Ammonia to NO2_3.png


This plot compares the amount of Total Ammonia - Nitrogen consumed over the 2.5 days (on the left) to the NO2 + NO3 - nitrogen accumulated at the end (on the right)
First, the sand-only samples (in blue) match up very well. Secondly, the bottle products (solid red and green lines) showed way too much NO3 for the amount of Ammonia they consumed, so I checked for NO3 in the bottles - they are nitrifiers after all. Indeed, recommended min dose of Biospira adds 2.8ppm NO3, and 5x Rec'd min dose of O&O adds 2.3ppm NO3. After correcting for the NO3 that came in the bottles, the ammonia consumption and NO2 & NO3 production line up very well (red and green dashed lines). So clearly the ammonia consumption that happens in the sand and water really is nitrification, oh, and the bottle of O&O really was dead - guess it got frozen at some point. (BTW the slight increase from ammonia-N consumption to NO3-N production in these samples is probably from some organics in the sand being remineralized during the 2.5 day experiment. Note the effect increases with increasing sand level.)

So here's the takeaway.
I can measure the consumption of ammonia by my sand (and water!) and show that it's nitrification. And it's really small - maybe only 4% of the rate of the ammonia consumption in my system overall. The bulk of ammonia in my system is probably eaten by algae and coral.
I think my tank may be an extreme case. My 70 gal system has probably a kg of mixed coral and several hundred grams of algae, algae grows and exports quickly. It's had a history of sometimes large carbon dosing, but nothing in the past few months. Either my tank or my sump is always lighted. The rates of ammonia consumption capable by coral and algae when lighted is huge. So it makes sense that nitrification looks like a bit player in my system, my tank always runs zero detectable NO3, and any that is dosed disappears quickly. I plan to send a sample to Aquabiomics tomorrow to see if the genetic approach tells the same story.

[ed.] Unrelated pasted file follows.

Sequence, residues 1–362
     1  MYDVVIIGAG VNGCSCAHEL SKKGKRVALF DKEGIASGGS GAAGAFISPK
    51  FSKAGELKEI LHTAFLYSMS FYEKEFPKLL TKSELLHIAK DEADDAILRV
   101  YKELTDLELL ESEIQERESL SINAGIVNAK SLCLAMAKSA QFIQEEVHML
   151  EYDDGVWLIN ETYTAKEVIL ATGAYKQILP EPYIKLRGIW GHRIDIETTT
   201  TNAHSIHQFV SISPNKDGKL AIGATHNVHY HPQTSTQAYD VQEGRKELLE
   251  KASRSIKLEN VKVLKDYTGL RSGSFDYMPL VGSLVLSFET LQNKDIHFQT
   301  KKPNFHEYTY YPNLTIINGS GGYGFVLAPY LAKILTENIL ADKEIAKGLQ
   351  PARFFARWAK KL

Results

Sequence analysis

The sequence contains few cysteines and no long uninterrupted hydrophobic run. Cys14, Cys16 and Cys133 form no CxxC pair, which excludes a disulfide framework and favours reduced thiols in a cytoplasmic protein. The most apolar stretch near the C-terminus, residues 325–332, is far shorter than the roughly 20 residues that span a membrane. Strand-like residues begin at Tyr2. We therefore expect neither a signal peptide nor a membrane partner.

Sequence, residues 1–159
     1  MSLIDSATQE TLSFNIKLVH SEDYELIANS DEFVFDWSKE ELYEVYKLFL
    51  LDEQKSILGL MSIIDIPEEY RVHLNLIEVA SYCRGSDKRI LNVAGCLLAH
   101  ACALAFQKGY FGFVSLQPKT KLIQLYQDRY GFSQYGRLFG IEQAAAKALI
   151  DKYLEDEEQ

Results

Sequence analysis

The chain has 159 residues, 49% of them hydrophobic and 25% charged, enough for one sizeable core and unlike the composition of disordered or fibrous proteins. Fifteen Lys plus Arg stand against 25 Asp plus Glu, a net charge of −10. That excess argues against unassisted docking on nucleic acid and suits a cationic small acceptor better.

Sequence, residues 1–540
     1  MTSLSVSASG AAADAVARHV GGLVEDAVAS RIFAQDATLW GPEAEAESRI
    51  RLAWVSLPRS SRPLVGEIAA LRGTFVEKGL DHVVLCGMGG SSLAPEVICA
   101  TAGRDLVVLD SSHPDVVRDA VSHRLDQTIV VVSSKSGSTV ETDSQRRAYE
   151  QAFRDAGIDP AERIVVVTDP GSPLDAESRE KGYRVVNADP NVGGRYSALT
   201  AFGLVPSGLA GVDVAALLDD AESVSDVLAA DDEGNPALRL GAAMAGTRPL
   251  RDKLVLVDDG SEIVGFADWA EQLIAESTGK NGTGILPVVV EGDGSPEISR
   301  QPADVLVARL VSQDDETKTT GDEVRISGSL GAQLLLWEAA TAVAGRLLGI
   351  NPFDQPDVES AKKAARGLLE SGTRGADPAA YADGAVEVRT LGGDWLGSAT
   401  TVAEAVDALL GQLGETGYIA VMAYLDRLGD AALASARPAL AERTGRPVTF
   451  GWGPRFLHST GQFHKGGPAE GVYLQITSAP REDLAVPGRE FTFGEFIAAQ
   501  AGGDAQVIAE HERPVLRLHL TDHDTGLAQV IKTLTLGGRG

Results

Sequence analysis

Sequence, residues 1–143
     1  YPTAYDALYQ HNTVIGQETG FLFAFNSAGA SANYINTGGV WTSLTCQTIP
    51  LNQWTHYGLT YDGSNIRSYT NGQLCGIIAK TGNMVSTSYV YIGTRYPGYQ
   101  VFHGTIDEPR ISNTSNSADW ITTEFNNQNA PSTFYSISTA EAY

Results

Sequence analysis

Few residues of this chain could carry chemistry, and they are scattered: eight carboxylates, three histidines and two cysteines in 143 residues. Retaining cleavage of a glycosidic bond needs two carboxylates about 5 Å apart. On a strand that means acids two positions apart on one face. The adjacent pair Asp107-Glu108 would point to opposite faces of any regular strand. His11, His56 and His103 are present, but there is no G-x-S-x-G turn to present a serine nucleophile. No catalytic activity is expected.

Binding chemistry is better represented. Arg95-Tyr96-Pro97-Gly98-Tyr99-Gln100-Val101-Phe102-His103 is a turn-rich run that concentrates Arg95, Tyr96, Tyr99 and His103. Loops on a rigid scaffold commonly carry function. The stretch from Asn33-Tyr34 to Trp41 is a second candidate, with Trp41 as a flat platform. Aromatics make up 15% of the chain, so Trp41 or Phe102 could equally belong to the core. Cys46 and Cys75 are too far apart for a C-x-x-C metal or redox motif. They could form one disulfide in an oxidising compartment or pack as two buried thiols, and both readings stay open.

But I don't think I have the only tank like this! I think the hobby might have quite a few systems where the traditional nitrogen cycle is essentially a non-factor. Is this good? Bad? I don't know. But it's clear from the effect of biospira, that this would be easy to change if someone wanted to.
Awesome work!
 
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taricha

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So aquabiomics data for my tank incoming. :)
Will my tiny ammonia processing rates from the sand show up as low testable nitrifiers?
 
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NItrogen is cycled constantly. Heterotrophs retrieve their carbon source by braking down organics. After the job is done and all carbon is retrieved, most of that carbon has been used for providing the energy needed and is released as CO2, which means less as 50% can be used for heterotrophic growth using ammonia as a nitrogensource. A fish will release about 85% of total nitrogen .
This means most of the buildingmaterials are not used up while braking down the organics. In a biofilm ammonia left over is transformed into harmless nitrate as fast as possible, not by growth but by respiration, by autotrophs not needing organic carbon. Ammonia and nitrite is toxic for most bacteria and archaea when able to build up. This means most nitrogen left over is transformed into nitrate as fast as possible. In a normal world this nitrate is then used by slower growing autotrophic organisms, and Photo-autotrophs producing protein, storing the previously released CO2 and the surplus of building materials back into organic material.
This way the balance between producers and reducers can be maintained.
Organisms release ammonia constantly when using nitrate, transforming nitrate into usable ammonia-nitrogen, releasing what is not consumed.
Most bacteria only can use nitrate as a nitrogen source if ammonium is not available, most photo-autotrophs are able to use both the same time. A biofilm releasing ammonia in the environment instead of nitrate? I prefer nitrate.
 
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Belgian Anthias

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Nitrifiers can be outcompeted for ammonia by coral, algae, and heterotrophs.
so...
No Light, no coral, no algae.
Start with ammonia dosing, not ghost feeding or a shrimp. Organics in the food will get the heterotrophs going, and the nitrifiers would only get ammonia as leftovers.
If you use a bottle starter, be sure it's true chemoautotroph nitrifiers. Some are actually "heterotrophic nitrifiers" that require Organic carbon. Adding ammonia-only, not a shrimp or fish food in the beginning will help distinguish.